Is forecasted a correct word?Asked by: Cameron Parker | Last update: 18 June 2021
Score: 5/5 (31 votes)
Although both are used, forecast is the preferred form. Forecast is an irregular verb, meaning that its past forms don't follow the general rule of adding ed to the base. ... You'd never say, for example, “I putted all my money into the healthcare IT tech stocks.” To a stickler, forecasted sounds just as wrong.View full answer
Besides, Is forecasted a real word?
#APStyle tip: Use forecast for the past tense of forecast, not forecasted. On a technical point, you've got "typecast" wrong.
Additionally, What's the past tense of forecast?. past tense of forecast is forecast or forecasted.
Subsequently, question is, Is forecasted meaning?
To estimate or predict in advance, especially to predict (weather conditions) by analysis of meteorological data. See Synonyms at predict. 2. ... A prediction, as of coming events or conditions: The weather forecast stated that it would rain.
How do you use forecasted?
Forecasted sentence example
The landlord should balance the benefit of carrying out soundproofing works in each case against the forecasted costs of these works. Because star power and marketability plays into forecasted sales, timing has a lot to do with it.
The three types of forecasts are Economic, employee market, company's sales expansion.
Selected Answer:cause and effectCorrect Answer:cause and effect Question 5 5 out of 5 points What is the number one rule of forecasting? Selected Answer:Always plot the data on agraph.
transitive verb. : to see (something, such as a development) beforehand He could not have foreseen the consequences of his actions. She foresaw the company's potential and invested early on.
1 : often used or practiced : customary her accustomed cheerfulness. 2 : adapted to existing conditions eyes accustomed to the dark. 3 : being in the habit or custom a team accustomed to winning.
A storm in 1859 that caused the loss of the Royal Charter inspired FitzRoy to develop charts to allow predictions to be made, which he called "forecasting the weather", thus coining the term "weather forecast". ... The first daily weather forecasts were published in The Times in 1861.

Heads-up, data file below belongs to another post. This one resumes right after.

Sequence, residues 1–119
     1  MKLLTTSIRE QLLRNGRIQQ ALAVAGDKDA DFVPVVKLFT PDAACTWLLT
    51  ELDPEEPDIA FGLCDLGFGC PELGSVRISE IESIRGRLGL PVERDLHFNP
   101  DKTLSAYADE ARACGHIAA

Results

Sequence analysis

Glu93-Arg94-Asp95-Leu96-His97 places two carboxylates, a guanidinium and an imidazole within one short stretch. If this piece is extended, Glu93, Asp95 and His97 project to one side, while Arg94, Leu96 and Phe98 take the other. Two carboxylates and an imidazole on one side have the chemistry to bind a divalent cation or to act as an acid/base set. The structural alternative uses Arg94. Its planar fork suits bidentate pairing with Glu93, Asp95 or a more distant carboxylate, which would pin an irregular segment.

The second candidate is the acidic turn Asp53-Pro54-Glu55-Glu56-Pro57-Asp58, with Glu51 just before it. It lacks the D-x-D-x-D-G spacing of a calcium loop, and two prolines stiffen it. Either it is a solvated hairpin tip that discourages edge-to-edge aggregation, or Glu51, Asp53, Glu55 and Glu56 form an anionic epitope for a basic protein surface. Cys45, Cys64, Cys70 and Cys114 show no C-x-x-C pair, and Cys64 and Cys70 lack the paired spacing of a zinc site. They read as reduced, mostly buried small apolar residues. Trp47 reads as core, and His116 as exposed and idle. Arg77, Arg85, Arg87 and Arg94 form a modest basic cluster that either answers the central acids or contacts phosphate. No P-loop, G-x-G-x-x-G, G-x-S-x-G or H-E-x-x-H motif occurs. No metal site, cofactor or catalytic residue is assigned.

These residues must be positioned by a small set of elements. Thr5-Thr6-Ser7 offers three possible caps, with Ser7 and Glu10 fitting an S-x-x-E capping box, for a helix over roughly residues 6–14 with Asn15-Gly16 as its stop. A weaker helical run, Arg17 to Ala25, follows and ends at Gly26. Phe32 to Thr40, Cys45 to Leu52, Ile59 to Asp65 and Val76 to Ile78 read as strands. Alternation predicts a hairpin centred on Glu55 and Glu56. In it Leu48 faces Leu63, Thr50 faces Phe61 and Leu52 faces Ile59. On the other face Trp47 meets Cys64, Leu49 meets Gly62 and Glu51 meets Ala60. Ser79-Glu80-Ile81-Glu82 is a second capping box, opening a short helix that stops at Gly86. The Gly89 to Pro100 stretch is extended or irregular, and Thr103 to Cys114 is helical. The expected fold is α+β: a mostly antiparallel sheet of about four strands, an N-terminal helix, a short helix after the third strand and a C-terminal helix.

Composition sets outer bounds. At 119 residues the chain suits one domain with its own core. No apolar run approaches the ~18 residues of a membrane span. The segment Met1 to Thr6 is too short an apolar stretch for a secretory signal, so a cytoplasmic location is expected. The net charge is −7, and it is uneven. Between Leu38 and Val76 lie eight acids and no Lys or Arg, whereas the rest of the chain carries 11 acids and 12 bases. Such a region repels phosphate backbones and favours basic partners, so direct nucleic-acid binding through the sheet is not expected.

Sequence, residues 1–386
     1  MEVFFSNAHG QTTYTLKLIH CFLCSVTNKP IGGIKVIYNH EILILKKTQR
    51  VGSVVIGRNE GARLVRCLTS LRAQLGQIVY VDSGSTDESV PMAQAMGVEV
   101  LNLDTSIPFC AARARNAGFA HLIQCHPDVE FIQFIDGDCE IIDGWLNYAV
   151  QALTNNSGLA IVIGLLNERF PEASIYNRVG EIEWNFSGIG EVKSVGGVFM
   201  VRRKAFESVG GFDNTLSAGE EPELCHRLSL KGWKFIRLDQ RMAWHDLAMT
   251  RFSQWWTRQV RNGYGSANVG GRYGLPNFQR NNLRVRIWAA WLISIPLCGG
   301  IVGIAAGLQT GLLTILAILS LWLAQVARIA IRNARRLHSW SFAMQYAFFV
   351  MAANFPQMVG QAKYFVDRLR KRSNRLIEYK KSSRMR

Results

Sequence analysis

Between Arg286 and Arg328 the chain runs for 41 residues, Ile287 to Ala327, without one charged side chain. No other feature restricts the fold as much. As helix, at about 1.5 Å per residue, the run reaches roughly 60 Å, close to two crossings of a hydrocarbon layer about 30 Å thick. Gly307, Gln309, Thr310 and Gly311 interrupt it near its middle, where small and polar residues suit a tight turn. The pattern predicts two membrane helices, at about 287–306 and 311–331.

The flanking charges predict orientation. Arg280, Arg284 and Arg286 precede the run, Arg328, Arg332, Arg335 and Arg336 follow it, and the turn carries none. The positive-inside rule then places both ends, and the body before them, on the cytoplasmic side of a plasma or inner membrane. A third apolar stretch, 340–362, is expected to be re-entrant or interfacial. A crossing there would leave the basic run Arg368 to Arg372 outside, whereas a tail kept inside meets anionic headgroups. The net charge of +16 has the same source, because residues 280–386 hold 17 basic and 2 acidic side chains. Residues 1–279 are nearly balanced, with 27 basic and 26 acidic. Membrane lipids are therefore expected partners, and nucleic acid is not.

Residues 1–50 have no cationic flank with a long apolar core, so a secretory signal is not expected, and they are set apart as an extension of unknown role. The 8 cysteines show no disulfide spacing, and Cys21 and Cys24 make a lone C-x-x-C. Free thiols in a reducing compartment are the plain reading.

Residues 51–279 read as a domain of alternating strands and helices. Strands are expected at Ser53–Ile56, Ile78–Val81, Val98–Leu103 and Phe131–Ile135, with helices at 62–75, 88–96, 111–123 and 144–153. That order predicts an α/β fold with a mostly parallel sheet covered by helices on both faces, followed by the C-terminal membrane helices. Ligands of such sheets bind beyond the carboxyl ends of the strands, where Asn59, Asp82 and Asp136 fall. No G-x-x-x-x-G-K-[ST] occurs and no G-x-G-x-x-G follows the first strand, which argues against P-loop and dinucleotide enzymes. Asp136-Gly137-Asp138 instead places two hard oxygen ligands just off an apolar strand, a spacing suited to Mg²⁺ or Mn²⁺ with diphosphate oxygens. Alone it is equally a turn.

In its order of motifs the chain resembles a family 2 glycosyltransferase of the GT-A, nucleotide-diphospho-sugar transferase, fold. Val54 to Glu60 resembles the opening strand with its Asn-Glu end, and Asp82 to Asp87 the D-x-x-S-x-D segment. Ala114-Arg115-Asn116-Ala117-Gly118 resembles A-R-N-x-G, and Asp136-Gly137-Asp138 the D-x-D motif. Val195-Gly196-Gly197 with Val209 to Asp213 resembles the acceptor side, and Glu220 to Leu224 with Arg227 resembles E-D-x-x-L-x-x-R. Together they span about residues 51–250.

In the most common case, the past and part participle of "cost" are both simply "cost." "Today, it costs $189.95. Yesterday, it cost $269.95. If it had cost $189.95 yesterday, I would have bought it yesterday.
The past tense of telecast is telecast or telecasted. ... The past participle of telecast is telecast or telecasted.
The past tense of forecast is forecast or forecasted. The third-person singular simple present indicative form of forecast is forecasts. The present participle of forecast is forecasting. The past participle of forecast is forecast or forecasted.
Forbade is the past tense of forbid.
Whether it's your temper or the month of May, something characterized by turmoil and unpredictable outbursts can be called stormy. The word stormy describes weather conditions like thunder, lightening, dark clouds, wind, and pelting rain.
Foresee sentence example. I foresee you winning your deal. But he did not foresee the complications which were likely to arise from Russia's interference in the domestic affairs of Poland. The future system I foresee will not be different in substance, but only in degree.
Correct spelling for the English word "foresee" is [fɔːsˈiː], [fɔːsˈiː], [f_ɔː_s_ˈiː] (IPA phonetic alphabet).
As verbs the difference between forsee and foresee
is that forsee is to neglect; overlook; disregard; despise while foresee is to anticipate; to predict.